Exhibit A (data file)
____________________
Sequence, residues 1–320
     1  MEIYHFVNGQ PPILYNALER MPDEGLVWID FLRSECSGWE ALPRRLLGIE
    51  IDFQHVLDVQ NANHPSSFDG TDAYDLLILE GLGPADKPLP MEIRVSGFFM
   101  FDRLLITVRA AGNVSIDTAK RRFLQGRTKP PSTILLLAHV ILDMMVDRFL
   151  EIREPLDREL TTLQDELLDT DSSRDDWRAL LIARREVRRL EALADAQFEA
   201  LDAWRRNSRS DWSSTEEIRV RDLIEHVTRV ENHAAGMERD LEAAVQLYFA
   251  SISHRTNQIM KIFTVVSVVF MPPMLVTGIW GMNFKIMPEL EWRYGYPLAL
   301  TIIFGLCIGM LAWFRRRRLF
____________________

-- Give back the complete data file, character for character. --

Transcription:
Sequence, residues 1–320
     1  MEIYHFVNGQ PPILYNALER MPDEGLVWID FLRSECSGWE ALPRRLLGIE
    51  IDFQHVLDVQ NANHPSSFDG TDAYDLLILE GLGPADKPLP MEIRVSGFFM
   101  FDRLLITVRA AGNVSIDTAK RRFLQGRTKP PSTILLLAHV ILDMMVDRFL
   151  EIREPLDREL TTLQDELLDT DSSRDDWRAL LIARREVRRL EALADAQFEA
   201  LDAWRRNSRS DWSSTEEIRV RDLIEHVTRV ENHAAGMERD LEAAVQLYFA
   251  SISHRTNQIM KIFTVVSVVF MPPMLVTGIW GMNFKIMPEL EWRYGYPLAL
   301  TIIFGLCIGM LAWFRRRRLF